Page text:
It was 67 years ago today, March 28, 1941, that Virginia Woolf left behind Leonard, Monk’s House, and two suicide notes and walked across the Sussex Downs. Read more.
A word about Jean Guiguet
Poet and novelist with Bloomsbury ties dead at 91
Paul Roche, the poet and novelist who conducted a long-term relationship with Bloomsbury artist Duncan Grant, died Oct. 30 at the age of 91. Read more.
News of 24 August 2007
Anyone who ever consulted a Virginia Woolf bibliography would be likely to recognize the name B. J. Kirkpatrick. News of her May death came late to the Virginia Woolf Listserv. It arrived today.
Read more.News of 16 August 2007
The passing of noted scholar Julia Briggs
Julia Briggs, noted Virginia Woolf critic and biographer, died at about 6:30 a.m. Aug. 16 in the Royal Marsden Hospital in London, England. She had been in a coma for a week.
She was the author of Virginia Woolf: An Inner Life, the groundbreaking 2005 biography of Woolf that focused on her writing life. Read a BBC interview with Ms. Briggs in which she discusses An Inner Life. She also wrote a volume of criticism called Reading Virginia Woolf, which was published in 2006.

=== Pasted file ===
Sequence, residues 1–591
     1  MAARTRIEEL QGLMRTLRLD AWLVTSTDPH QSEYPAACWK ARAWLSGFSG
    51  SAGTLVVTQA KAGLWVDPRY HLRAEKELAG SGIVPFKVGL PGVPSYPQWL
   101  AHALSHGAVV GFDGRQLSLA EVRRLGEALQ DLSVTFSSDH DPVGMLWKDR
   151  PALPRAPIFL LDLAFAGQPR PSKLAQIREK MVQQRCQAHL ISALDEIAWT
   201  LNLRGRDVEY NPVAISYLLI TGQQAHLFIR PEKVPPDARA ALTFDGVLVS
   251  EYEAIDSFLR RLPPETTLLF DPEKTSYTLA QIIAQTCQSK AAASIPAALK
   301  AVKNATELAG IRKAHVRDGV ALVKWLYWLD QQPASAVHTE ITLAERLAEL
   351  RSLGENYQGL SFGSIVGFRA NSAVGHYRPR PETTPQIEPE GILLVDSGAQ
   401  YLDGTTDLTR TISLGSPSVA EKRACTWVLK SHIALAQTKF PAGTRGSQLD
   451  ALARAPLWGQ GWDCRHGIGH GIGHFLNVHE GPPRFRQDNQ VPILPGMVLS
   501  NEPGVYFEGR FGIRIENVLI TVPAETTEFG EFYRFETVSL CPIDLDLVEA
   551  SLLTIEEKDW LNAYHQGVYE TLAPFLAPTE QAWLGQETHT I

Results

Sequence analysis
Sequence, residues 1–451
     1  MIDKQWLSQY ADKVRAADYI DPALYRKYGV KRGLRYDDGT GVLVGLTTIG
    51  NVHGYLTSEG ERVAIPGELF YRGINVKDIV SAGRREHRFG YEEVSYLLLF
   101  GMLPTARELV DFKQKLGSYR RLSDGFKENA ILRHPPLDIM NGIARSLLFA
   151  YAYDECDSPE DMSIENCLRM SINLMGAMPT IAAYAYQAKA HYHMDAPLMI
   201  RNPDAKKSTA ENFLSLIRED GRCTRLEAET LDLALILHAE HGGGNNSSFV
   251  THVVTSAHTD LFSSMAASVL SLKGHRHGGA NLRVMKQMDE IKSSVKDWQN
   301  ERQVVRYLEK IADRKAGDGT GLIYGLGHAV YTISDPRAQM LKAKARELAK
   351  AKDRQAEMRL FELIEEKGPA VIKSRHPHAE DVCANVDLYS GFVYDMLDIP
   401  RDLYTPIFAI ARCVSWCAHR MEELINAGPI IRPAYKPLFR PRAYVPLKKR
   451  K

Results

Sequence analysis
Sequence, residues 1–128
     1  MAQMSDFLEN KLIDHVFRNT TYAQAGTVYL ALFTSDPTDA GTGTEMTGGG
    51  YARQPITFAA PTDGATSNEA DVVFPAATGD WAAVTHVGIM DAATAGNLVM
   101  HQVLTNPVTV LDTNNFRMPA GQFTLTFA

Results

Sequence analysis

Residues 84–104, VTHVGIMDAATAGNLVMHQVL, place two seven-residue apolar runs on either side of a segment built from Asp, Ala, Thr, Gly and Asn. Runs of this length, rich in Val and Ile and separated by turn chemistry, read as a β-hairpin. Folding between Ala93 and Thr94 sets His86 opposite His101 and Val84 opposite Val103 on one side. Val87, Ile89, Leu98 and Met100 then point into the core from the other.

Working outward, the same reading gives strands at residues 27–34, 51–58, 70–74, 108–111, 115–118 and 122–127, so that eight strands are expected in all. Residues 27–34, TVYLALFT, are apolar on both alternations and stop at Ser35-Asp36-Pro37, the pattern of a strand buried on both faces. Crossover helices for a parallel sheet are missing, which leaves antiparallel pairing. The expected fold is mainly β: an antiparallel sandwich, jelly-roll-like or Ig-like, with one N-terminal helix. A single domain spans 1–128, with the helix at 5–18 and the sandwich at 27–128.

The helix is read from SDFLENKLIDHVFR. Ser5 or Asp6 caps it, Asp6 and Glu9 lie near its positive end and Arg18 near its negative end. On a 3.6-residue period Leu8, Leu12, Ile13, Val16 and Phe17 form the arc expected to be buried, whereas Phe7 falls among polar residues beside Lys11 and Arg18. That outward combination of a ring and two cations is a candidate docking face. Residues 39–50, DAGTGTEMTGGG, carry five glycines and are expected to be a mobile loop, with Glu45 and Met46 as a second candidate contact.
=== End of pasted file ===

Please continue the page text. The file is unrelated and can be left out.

Ms. Briggs was the general editor of the highly successful Penguin Virginia Woolf, which included Three Guineas and A Room of One’s Own. She edited Night and Day for the series.
Ms. Briggs also wrote Night Visitors: The Rise and Fall of the English Ghost Story, A Woman of Passion: The Life of E. Nesbit, 1858–1924, and This Stage-Play World, about the Elizabethan theatre. She was an expert on children’s literature and co-edited Children and Their books : a Celebration of the Work of Iona and Peter Opie.
She was a contributor to Cambridge Collections Online as well.
Ms. Briggs was a professor of English literature and women’s studies at De Montfort University in Leicester, England. She served as chair of the faculty higher degrees committee and taught courses on Shakespeare, Virginia Woolf, twentieth-century and post-colonial literature. Her research interests included Shakespeare and contemporary dramatists, women’s writing in early modern England and late-nineteenth and twentieth century literature.